This thread has me thinking about how we understand temptation. Above I talked about how I understand the prohibition of thought-sin to include an intent requirement. And I continue to wonder whether temptation-thoughts are placed in our minds or whether they come from the natural man/woman within. Either way, I think there is a danger—a temptation in itself—that we deduce something about ourselves from the fact that we are tempted. For example, assume you find a particular sin (take suicide for example) particularly repugnant. Furthermore, you have absolutely no inclination to actually throw yourself in front of train. You love life and would not throw yours away in a million years. Still, the thought occurs to you and you find it troubling. You generally dismiss it without much concern. But the temptation-thought returns. Occasionally at inopportune times. And it is distracting. Why am I afflicted with this thought, you ask. Under such circumstances, there is a danger of concluding from the fact of temptation that one has sinned—or is fallen or flawed in an unusually bad way. It can lead to discouragement about one’s ability to be saved. But being tempted, being fallen, is an essential aspect of this life. Feeling the weight and darkness of one’s fallen nature can be conducive to truly seeking after and relying on the Savior, appreciating the Atonement, and being transformed through it into a new being—more perfect, pure, and full of light.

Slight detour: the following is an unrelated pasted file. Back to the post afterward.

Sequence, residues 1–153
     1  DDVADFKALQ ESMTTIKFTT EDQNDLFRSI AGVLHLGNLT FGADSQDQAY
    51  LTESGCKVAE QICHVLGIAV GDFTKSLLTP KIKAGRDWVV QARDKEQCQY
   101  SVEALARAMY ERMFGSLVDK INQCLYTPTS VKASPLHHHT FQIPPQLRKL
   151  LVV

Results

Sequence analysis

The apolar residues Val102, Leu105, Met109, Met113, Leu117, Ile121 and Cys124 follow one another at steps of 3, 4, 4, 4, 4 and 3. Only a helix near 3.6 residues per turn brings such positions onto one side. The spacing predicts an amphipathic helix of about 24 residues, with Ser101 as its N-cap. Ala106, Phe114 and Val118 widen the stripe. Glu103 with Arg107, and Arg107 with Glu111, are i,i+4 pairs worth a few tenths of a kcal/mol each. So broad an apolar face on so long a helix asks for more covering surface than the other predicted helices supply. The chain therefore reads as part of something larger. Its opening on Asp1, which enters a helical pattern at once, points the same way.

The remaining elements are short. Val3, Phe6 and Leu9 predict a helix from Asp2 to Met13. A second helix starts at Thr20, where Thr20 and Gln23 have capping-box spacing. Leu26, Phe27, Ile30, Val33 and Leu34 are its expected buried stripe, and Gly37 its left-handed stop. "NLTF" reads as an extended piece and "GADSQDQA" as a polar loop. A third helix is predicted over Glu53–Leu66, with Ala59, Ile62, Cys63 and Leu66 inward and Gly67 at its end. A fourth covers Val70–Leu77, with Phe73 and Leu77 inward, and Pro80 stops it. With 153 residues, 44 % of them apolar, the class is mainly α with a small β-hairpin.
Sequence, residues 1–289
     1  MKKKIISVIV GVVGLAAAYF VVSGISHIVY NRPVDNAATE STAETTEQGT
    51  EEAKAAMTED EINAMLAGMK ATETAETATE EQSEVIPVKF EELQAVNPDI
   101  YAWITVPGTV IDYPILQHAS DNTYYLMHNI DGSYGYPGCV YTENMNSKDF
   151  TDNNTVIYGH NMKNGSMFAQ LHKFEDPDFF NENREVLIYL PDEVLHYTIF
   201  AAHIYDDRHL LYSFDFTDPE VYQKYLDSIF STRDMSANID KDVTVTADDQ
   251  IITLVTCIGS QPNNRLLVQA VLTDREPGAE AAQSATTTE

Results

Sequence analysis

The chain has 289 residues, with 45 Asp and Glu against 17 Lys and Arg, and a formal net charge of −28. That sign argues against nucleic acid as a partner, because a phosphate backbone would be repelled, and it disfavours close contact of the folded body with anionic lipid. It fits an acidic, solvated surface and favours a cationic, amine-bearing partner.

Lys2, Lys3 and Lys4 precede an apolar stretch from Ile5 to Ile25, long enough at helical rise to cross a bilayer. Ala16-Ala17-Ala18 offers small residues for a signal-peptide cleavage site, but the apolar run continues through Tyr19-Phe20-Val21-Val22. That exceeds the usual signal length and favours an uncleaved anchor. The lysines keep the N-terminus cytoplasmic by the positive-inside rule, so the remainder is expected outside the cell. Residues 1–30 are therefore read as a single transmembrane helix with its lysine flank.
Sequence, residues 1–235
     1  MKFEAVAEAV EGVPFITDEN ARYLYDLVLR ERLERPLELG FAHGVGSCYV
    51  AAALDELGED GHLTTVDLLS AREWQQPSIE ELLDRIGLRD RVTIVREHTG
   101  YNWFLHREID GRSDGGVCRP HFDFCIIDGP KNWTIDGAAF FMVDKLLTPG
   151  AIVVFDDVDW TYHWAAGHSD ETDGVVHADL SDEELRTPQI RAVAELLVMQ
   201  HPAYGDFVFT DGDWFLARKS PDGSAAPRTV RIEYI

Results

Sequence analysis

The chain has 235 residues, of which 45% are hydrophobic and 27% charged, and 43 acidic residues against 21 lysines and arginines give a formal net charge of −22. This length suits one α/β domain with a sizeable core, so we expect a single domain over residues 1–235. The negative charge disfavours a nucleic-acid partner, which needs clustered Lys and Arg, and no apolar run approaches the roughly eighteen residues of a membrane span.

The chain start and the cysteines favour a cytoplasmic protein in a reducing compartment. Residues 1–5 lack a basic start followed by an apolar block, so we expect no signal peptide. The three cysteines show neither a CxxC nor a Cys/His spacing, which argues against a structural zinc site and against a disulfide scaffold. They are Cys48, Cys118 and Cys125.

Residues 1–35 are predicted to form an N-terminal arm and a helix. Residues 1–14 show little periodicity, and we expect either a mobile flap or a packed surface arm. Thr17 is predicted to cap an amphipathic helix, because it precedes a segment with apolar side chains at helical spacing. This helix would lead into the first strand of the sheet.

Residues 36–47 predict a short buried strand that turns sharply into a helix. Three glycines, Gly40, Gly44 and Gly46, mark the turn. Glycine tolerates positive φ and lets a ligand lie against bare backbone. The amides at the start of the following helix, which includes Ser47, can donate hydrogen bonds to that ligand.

Indeed, I wonder: in resisting temptation and forsaking the natural man, are we so transformed throughout our lives—can we in this life close off the source of some temptation and feel some rest and peace? No doubt we remain subject to some temptation for the duration of mortality, but does some redemption occur in this life?

  21. A. Greenwood on April 18, 2005 at 9:21 pm

    “I wonder if spirits who have never had bodies–Lucifer included–have any frame of reference at all for understanding and manipulating physical temptation. I can’t understand how they would have any clue as to what that’s all about, since we apparently didn’t (which is why we’re here). (Which makes Satan’s tempting of the fasting Christ with bread rather a perplexing story.)”

    It’s not perplexing. One doesn’t have to understand the visceral experience of having a body to see the kinds of traps bodies create for people. You just have to observe. The devil would be D-U-M-B if he didn’t realize that Christ would be hungering after forty days fasting.